Ramblings: The Idolatry of “Pro-life ® ,” The Shallowness of “Pro-choice®.” PART I

A sane person, which I must not be, would ask me, “While the timing is clear, (considering the Supreme Court’s pending decisions), why in the hell would you wade into such a contentious topic now or ever?” It’s because I’m a writer and I can’t help myself. Also, I think I bring a voice to the table, something that is almost never said in the tens of thousands of articles on pro-life and pro-choice. It is a way of looking at things that I think has the greatest hope of finding resolution and peace in the culture wars over this issue, about pursuing real, classical truth in the matter, and escaping the cycle of emotional reasoning. My goal is to dampen the anger and hatred on both sides. For some people whose emotions are so severely charged over this topic, they will have their feathers ruffled after just reading the title. I ask that you read this entire 2-4 part series and consider the facts, and not just keep believing or thinking as your subculture dictates.

I’ll focus on the two farthest points. On the Pro-life position would be the white evangelical and conservative Catholics , and on the Pro-choice side would be those who only interpret the issue as women’s rights issue. The white evangelical often defaults, saying that “pro-life is Biblical!” I will cover that. The other side is saying pro-life is about dominating women once again … and nothing else. If you have evidence that contradicts anything I say, please share in the comments. As a seeker of truth, I am a profound skeptic of baseless statements because I lived in a world of baseless statements for thirty years, but I’m also a lover of change and have revised my opinions many times when someone presents facts.

My Perspective

In the small hours of a Heliopolis, Egypt’s hot summer’s day in 1989, I had an epiphany. It wasn’t a happy one as much as an unsettling one. After a series of unfortunate events, I suddenly recognized that during my 30 years of Bible-belt rearing and evangelicalism devotion, my group, pastors, leaders and etc. had misled me on many issues. An alternate reality if you please. But not only that, in somewhat of a Holden Caulfield moment, I realized I was a self-righteous phony, but not just me. There was firm evidence that our entire missionary group was a bunch of phonies. I’ve shared this story before, so this may sound familiar.

Immediately that morning, just when the minarets were calling my good Muslim friends and neighbors to Fajr (first morning prayers), I made a pack between God and me. I was going to start from scratch in everything. Unbelieve everything and rebuild on facts, not social coercion. Not just in religious matters, but in all things of life. That was a somewhat of a Descartian moment [as in Rene Descartes, “I think, therefore I am.]”

I said to God before the sun had risen, “I want nothing but truth no matter where it leads me. If it leads me to atheism, Buddhism, or wherever. God, if you are really there, show me the honest way of finding you.” It set me out on an incredible journey, ending up back to believing in a personal God, but very different than before. So this article is not about me finding God again after 10 years. I cover that in my book, Butterflies in the Belfry (which I could write much better today).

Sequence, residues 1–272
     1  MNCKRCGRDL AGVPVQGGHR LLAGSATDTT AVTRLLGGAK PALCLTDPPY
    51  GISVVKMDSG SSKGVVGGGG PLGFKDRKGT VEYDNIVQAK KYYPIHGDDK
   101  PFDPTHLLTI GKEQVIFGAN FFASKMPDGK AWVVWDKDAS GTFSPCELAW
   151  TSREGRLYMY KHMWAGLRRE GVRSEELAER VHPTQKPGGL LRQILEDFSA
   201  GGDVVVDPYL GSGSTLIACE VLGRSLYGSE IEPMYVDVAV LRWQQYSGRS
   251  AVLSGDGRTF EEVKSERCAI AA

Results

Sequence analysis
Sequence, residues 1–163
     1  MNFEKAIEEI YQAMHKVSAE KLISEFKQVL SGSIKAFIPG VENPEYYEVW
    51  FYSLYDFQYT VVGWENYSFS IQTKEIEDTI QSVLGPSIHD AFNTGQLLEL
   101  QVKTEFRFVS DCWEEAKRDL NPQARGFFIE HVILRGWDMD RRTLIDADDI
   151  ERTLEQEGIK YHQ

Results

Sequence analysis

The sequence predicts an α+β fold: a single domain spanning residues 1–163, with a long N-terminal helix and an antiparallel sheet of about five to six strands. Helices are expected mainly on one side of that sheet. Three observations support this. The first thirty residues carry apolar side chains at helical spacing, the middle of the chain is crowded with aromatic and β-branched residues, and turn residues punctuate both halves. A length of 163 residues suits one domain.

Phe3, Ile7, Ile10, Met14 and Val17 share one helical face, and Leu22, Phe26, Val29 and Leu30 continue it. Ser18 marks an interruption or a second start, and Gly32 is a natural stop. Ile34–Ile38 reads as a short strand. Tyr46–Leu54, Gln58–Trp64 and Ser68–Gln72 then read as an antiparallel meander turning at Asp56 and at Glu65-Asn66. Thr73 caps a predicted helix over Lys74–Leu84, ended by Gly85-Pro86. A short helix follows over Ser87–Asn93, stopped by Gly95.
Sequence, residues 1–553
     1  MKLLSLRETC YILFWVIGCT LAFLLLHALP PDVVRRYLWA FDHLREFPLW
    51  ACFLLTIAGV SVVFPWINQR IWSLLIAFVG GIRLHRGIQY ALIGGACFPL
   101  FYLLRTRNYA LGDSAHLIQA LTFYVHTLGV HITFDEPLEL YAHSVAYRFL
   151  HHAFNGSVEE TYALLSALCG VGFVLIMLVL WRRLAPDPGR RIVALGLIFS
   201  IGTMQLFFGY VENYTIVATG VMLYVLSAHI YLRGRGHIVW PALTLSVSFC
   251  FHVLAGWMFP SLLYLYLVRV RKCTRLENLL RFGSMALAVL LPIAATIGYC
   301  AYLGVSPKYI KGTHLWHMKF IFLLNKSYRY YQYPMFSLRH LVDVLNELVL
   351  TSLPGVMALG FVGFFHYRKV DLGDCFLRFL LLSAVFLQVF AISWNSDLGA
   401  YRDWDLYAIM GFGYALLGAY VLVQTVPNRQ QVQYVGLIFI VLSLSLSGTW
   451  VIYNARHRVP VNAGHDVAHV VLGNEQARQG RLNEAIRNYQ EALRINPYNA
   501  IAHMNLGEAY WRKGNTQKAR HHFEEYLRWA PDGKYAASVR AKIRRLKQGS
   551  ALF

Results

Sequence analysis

This article on abortion is based on approaching topics with candor and truth in the classical sense of that which is coherent with reality. So hold to your seats. I will try my best to go through this methodically, often philosophically, but illustrated with true-to-life stories that I’ve encountered with people in the middle of the crisis of an unplanned pregnancy as a medical provider, especially when I was providing “student health” at a major university.

This image has an empty alt attribute; its file name is Human_fetus_10_weeks_with_amniotic_sac_-_therapeutic_abortion.jpg
A Ten Week Old Human Fetus

Possible Philosophical Positions on Abortion

I could try to stumble through and describe abortion from all positions along the philosophical spectra, but I won’t. I’m only going to focus on the atheistic and ecclesiastical (which I mean as a god-believer or believer in a spiritual domain). A Buddhist and Hindu, I would think, would have the same perspective as the atheist in this matter but they could correct me if they don’t. I will focus the ecclesiastical as represented by the greatest opponents of abortion, white evangelicals and conservative Catholics.

Atheistic View on Abortion

A true atheist believes the entire cosmos came into existence for no reason. It just snapped into being … as a quirk. Call it the “Big Bang” if you like. Therefore, with no intention in creation, there is no possible philosophical position to have except that all of existence, all of life, is insignificant. I know of plenty of atheists that cheat here and try to inject meaning. The late Carl Sagan was famous for that. But if the problem with religion is, they live in a pretentious world where they think they are better (morally) than they really are, then the atheists live in an equally pretentious world where they believe life has meaning when it doesn’t. I think if I had lived all my early life as an atheist, rather than just a small part, and my atheist culture had assured me that there is meaning, I would have had the same type of epiphany as I did in Heliopolis, but about being lied to as an atheist.